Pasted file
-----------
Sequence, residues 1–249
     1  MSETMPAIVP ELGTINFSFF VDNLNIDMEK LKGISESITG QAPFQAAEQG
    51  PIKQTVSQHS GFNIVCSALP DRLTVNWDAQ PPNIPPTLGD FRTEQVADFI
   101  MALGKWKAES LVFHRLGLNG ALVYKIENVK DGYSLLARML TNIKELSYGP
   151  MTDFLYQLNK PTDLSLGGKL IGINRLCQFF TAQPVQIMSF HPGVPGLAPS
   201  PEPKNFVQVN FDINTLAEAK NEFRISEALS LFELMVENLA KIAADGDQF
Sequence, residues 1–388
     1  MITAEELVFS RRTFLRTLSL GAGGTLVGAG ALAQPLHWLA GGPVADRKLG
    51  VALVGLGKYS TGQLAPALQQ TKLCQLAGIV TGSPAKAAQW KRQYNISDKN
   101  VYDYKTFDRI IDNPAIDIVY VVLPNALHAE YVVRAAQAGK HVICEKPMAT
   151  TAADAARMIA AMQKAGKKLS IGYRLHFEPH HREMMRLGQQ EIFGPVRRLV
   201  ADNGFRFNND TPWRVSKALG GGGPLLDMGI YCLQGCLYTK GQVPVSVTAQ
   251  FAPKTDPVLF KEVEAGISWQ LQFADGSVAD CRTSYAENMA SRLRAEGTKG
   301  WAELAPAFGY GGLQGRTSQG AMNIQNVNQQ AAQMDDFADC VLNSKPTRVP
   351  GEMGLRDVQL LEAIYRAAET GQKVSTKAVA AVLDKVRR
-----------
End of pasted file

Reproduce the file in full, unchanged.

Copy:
Sequence, residues 1–249
     1  MSETMPAIVP ELGTINFSFF VDNLNIDMEK LKGISESITG QAPFQAAEQG
    51  PIKQTVSQHS GFNIVCSALP DRLTVNWDAQ PPNIPPTLGD FRTEQVADFI
   101  MALGKWKAES LVFHRLGLNG ALVYKIENVK DGYSLLARML TNIKELSYGP
   151  MTDFLYQLNK PTDLSLGGKL IGINRLCQFF TAQPVQIMSF HPGVPGLAPS
   201  PEPKNFVQVN FDINTLAEAK NEFRISEALS LFELMVENLA KIAADGDQF
Sequence, residues 1–388
     1  MITAEELVFS RRTFLRTLSL GAGGTLVGAG ALAQPLHWLA GGPVADRKLG
    51  VALVGLGKYS TGQLAPALQQ TKLCQLAGIV TGSPAKAAQW KRQYNISDKN
   101  VYDYKTFDRI IDNPAIDIVY VVLPNALHAE YVVRAAQAGK HVICEKPMAT
   151  TAADAARMIA AMQKAGKKLS IGYRLHFEPH HREMMRLGQQ EIFGPVRRLV
   201  ADNGFRFNND TPWRVSKALG GGGPLLDMGI YCLQGCLYTK GQVPVSVTAQ
   251  FAPKTDPVLF KEVEAGISWQ LQFADGSVAD CRTSYAENMA SRLRAEGTKG
   301  WAELAPAFGY GGLQGRTSQG AMNIQNVNQQ AAQMDDFADC VLNSKPTRVP
   351  GEMGLRDVQL LEAIYRAAET GQKVSTKAVA AVLDKVRR